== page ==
Floods begin to recede

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The Independent Online
RIVERS AND waterways across large areas of the country were expected to return to normal levels today following some of Britain's worst flooding for 30 years. But as people began to take stock of their property yesterday, the bill for flood damage was put at more than pounds 100m by insurance experts.

The Environment Agency said yesterday that the swollen river Severn had dropped over the weekend bringing relief to hundreds of afflicted householders in Shropshire, Herefordshire and Worcestershire. The number of flood warnings fell last night from 108 on Saturday to 77, the agency said.

Malcolm Tarling, of the Association of British Insurers, said some of the claims could take months to process.

He said: "After these floods, on top of the damage sustained in Wales last week, the cost could well be more than pounds 100m. Claims for businesses could take months to sort out, with loss of trade and alternative accommodation to be taken into consideration.

"This has obviously been a bad year, what with the incidents at Easter as well."

In Bewdley, Worcestershire, which was worst affected on Friday, water levels fell yesterday, allowing residents to start a massive drying- up operation. Only two red flood warnings, which signal a serious threat to properties, were in force in the area yesterday. Shrewsbury, which also bore the brunt of some of the flooding, came off red alert on Saturday.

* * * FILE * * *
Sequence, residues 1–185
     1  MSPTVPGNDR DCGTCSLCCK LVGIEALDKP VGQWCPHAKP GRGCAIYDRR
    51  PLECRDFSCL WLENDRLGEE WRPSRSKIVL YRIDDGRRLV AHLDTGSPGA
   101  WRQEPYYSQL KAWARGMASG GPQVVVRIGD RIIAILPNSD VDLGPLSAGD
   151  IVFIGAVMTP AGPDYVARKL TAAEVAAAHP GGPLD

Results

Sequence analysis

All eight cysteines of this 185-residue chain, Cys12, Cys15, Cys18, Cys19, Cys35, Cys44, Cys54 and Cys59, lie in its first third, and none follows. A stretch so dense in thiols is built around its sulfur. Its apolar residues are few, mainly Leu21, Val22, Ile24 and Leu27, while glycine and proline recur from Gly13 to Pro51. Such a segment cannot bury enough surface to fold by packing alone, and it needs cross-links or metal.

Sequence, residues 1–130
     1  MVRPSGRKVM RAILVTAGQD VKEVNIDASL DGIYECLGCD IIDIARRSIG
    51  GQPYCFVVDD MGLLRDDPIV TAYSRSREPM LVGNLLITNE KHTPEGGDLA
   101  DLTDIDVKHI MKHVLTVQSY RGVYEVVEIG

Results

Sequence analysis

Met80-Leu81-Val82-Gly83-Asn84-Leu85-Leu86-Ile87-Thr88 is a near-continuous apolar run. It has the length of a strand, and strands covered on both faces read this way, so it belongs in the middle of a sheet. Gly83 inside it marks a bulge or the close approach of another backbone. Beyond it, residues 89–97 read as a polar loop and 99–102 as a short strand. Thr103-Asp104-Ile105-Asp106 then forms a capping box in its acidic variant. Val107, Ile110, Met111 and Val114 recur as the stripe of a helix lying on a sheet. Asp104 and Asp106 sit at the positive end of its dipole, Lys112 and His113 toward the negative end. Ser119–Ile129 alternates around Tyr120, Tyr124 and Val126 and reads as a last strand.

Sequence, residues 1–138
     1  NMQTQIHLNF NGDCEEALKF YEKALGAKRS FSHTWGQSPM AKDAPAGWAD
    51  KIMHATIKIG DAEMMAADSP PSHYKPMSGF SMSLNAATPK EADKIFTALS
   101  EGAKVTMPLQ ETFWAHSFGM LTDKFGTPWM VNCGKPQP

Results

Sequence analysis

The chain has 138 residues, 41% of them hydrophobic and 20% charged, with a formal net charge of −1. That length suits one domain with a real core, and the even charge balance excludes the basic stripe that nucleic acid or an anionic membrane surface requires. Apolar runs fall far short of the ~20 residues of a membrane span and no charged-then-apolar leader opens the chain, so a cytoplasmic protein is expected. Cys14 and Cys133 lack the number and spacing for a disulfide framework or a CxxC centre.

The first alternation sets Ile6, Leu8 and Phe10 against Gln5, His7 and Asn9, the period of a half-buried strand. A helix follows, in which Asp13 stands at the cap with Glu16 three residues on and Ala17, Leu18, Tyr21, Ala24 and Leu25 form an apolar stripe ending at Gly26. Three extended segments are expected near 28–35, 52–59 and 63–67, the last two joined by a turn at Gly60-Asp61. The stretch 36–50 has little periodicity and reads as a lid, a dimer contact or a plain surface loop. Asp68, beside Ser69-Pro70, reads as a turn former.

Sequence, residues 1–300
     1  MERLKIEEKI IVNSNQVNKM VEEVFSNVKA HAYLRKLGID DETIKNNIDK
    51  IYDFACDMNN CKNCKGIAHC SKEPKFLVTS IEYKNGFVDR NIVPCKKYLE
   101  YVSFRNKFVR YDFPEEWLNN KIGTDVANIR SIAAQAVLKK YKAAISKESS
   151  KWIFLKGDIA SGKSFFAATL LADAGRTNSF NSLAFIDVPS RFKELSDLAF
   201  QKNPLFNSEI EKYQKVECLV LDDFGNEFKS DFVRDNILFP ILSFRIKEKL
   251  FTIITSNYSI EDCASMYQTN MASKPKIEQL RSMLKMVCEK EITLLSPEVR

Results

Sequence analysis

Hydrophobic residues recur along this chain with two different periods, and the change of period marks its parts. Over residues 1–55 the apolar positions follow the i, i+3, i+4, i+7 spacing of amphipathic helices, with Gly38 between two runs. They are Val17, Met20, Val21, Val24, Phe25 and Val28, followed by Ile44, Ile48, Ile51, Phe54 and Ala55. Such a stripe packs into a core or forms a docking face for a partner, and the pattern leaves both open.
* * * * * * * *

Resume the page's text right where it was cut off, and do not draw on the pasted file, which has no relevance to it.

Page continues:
Wayne Baker, of the Environment Agency, said he was optimistic that the chaos was coming to an end: "Of course we will continue to monitor the situation but hopefully this is the beginning of the end of the worst problems in the area."

In Somerset, heavy rain over the weekend brought floods around the Frome and Shepton Mallet areas.

A spokeswoman for the Environment Agency said: "The situation on the Severn upstream of Worcester has improved but it takes time for that improvement to be felt further downstream.

"Generally river levels are high in many parts of the country and we are continuing to monitor the situation. But the feeling is that the worst is over."

As the situation improved in Britain, flooding continued to afflict other parts of Europe.

In western Germany yesterday, three boys who went missing near rivers swollen by days of heavy rain were presumed drowned. Heavy rain continued to push up water levels on the Rhine and Mosel rivers, officials said.

Citizens in Cologne on the Rhine braced themselves for rising flood waters overnight that were expected to reach the city centre this morning. Extensive flooding has also hit the Czech Republic.

In the Netherlands, military personnel were on standby over the weekend after flooding in the Groningen and Drenthe provinces.

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